Domestic contracts are an important consideration for anyone in a family business or from a high net worth family that is planning on getting married or entering into a common law relationship. This topic is a very complex and emotional one and needs to be handled with expert advice and counsel.
Domestic contracts can cover a wide range of topics, but typically involve an agreement, made before or during the marriage or cohabitation, that decides what to do with assets, debts, and other marital obligations in the case of marriage or cohabitation breakdown. The two most popular forms of domestic contracts are prenuptial agreements or "prenups", and postnuptial agreements or "postnups".
In many cases, children of high net worth families are beneficiaries of family trusts, and shares of the family business may be transferred to them in the future. In the event of a marriage or cohabitation breakdown, the lack of a domestic contract will in most cases result in considerable adverse financial consequences.
It is a good idea to have a conversation with your children about the need for a potential domestic contract when they are considering marriage or cohabitation. This will allow them to better understand this topic and ensure the issue be brought up with their prospective spouse in the proper manner.
A prenuptial agreement is a domestic contract entered into prior to the marriage or cohabitation. The intent is that you and your spouse will enter the marriage with a clear understanding of the division of finances should the marriage or cohabitation end. There is a lot of flexibility in making the agreement, subject to some specific limitations. These limitations are that; the agreement must not be unconscionable to the other spouse, the agreement must honestly disclose all relevant information, and the spouse-to-be must have independent legal advice and counsel. If the prenuptial agreement does not violate these conditions, it has a much better chance that it will be upheld by a courts in the future.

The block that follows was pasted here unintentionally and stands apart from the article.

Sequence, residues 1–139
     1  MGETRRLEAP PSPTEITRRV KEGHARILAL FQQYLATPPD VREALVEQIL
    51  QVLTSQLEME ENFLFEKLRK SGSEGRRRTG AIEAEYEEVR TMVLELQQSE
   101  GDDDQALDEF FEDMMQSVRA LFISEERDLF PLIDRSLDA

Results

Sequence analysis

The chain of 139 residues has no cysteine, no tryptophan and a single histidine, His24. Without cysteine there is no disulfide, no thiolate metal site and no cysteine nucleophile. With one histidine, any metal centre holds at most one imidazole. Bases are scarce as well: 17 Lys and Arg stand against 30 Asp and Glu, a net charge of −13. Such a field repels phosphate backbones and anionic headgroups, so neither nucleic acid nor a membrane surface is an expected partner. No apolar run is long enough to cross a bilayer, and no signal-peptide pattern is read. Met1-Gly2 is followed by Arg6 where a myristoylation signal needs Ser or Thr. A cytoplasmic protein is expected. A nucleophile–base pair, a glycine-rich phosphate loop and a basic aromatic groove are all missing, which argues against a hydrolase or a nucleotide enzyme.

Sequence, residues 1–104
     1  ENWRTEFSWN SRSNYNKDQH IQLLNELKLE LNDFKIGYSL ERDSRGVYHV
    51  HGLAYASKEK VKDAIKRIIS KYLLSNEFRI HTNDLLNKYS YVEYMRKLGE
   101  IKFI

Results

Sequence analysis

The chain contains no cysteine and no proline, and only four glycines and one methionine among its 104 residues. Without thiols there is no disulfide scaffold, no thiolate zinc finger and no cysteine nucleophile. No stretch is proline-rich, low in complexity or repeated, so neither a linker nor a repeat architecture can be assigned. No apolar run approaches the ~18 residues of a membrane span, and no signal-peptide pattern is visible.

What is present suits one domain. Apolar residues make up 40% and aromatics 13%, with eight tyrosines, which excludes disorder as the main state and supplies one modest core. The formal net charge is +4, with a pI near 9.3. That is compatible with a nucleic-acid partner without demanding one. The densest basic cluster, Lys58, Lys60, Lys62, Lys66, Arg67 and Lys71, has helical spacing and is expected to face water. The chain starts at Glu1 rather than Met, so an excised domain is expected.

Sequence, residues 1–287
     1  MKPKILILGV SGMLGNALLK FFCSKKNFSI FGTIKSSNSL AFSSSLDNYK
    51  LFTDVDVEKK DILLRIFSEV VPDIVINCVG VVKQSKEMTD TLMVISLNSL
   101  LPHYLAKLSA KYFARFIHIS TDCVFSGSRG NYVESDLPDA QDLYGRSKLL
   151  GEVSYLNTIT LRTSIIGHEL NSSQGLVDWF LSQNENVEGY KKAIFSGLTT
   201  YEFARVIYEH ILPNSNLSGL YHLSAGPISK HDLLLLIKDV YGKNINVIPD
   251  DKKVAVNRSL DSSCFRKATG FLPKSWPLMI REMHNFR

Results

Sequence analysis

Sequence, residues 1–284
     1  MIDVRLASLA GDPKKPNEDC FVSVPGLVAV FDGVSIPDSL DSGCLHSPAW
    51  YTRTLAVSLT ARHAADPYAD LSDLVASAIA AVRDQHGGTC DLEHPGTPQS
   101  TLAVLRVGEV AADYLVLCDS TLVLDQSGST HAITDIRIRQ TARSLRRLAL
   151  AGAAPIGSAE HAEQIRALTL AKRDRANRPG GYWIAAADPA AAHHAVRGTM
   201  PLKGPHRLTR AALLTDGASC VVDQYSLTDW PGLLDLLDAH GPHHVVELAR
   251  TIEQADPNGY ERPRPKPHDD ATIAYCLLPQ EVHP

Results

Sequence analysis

A postnuptial agreement is a domestic contract entered after the date of marriage or coahabitation. The agreement is meant to settle financial issues that are present during the marriage or cohabitation. This need for this type of agreement may arise when the parents of a grown married child are planning to distribute assets to their children and prior to doing so they request that a domestic contract be entered into by their child and his/her spouse. As can be imagined, trying to implement a postnuptial agreement could result in some very difficult discussions between a married or common law couple.